Young consumers today do not want to be plugged into the wall. Young consumers want the flexibility that wireless offers. That is shown in markets around the world, where we see declines in fixed line telephony and declines in the plug-in mentality in favour of getting the internet where you are and when you are. There is the use of mobile devices. We see a massive shift. Any corporate director of operations would be looking at the markets carefully. He would be examining the trend. He would be trying to anticipate what consumers want. But here we have a government that says: ‘I know what’s good for you. I know what the future holds here. We’re going to cause you all to have to plug into the wall.’ Of course there is a use for fibre. It is a very effective medium, but it is just one of a suite of technologies that can deliver the appropriate outcomes for the Australian people.

There is no need to dig up every single backyard in Australia to deliver high-speed broadband. There is no need to spend $50 billion. Rather we should be focusing on fixing up broadband black spots, particularly in regional and rural areas. We should be focusing on the ways in which we can address the shortcomings of the current system. Why is it logical to provide a 100-megabit service throughout Sydney, Melbourne and Brisbane to those properties that are already passed by the HFC network, which can deliver 100 megabits a second through DOCSIS 3 already? Why is it a good use of taxpayers’ money to just ignore that existing technology? Why is it a good government policy to legislate to prevent competition from that alternative medium that could probably provide broadband at a far cheaper cost and could be achieved without having to dig up every backyard in Sydney, Melbourne and Brisbane? It is absolutely outrageous, yet this government continues, protected by that veil of secrecy that is the only thing between them and total embarrassment—that veil of secrecy that is protecting this project from the scrutiny that this project rightly deserves. It is protecting this government.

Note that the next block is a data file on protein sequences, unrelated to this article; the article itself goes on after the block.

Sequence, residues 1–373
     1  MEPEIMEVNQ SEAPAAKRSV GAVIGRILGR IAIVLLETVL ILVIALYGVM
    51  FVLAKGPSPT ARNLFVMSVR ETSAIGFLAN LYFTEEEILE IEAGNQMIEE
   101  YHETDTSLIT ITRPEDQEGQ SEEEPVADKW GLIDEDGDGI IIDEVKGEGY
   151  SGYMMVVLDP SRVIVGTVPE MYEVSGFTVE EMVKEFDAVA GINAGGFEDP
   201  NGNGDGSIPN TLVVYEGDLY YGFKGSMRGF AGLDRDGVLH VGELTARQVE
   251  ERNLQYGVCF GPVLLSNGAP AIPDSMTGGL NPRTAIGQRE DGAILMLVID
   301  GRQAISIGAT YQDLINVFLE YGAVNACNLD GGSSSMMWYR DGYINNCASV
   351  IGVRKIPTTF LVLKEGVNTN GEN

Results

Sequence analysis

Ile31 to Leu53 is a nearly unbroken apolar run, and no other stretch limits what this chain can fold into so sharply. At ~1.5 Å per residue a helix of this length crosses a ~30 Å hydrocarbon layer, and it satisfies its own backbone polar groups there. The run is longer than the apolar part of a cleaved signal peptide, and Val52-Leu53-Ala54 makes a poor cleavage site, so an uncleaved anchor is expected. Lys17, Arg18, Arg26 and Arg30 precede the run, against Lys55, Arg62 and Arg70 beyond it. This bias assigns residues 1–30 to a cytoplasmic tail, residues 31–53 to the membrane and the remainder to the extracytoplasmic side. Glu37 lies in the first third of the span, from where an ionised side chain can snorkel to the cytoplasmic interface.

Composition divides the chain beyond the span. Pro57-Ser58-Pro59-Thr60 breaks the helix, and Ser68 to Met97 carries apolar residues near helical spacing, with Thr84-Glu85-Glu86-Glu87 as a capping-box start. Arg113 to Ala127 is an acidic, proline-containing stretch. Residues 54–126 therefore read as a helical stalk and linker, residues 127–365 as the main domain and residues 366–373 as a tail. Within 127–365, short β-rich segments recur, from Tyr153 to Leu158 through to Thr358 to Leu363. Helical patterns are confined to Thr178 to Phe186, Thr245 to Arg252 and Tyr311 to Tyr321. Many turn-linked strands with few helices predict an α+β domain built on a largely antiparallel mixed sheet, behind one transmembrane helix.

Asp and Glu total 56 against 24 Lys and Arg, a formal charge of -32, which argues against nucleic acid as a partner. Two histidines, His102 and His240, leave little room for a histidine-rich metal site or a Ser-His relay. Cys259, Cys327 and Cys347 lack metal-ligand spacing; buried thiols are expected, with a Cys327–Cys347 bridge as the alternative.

We have seen in New South Wales a government in place for 16 years, and they ran on a formula of spin. You see the New South Wales people’s reaction. In the long term they are seeing through the spin. Unfortunately, this government is using the same hymn book. They are adopting exactly the same strategies, and they will fall foul of the Australian people because this project does not stack up. This project is buttressed by anticompetitive measures. We have a Competition and Consumer Act 2010 that sees the need for competition as a major way of driving down costs to provide efficient outcomes to consumers. But when we have this project—the largest infrastructure project in Australia—what do they do? They legislate against competition. They legislate against a driver of cheaper prices and better outcomes for consumers. They legislate to buttress their own political position, which is tenuous indeed. It is $50 billion—the largest infrastructure project in the country—and they need to protect it. They cannot champion its virtues; they have to hide it from scrutiny.

We have seen endless promises from this government broken. We have seen endless cases of waste and mismanagement, and this is going to be the greatest case of all. We are going to see not just a few stray billion dollars wasted; we are going to see $50 billion wasted and a huge capital loss that will have to be borne by the taxpayer. We are going to see countless opportunities squandered for alternative infrastructure projects because money is being poured down Senator Conroy’s budgetary black hole. We see in Tasmania that they have had to force people to opt out. With all of the promotion and all of the fanfare over the National Broadband Network, subscriptions were so low they had to encourage people by forcing them into the project. What sort of vendor has to force people to buy their project? The minister responsible is the man who put the con into Conroy. This project is falling apart around him like a leper on a trampoline. It is an absolute disgrace that they are wasting $50 billion of taxpayers’ money. Anybody who believes they are going to achieve an IRR of seven per cent is living in a fool’s paradise. The government knows it. They have to protect the project from scrutiny because they know that when the facts are on the table this project just does not stack up.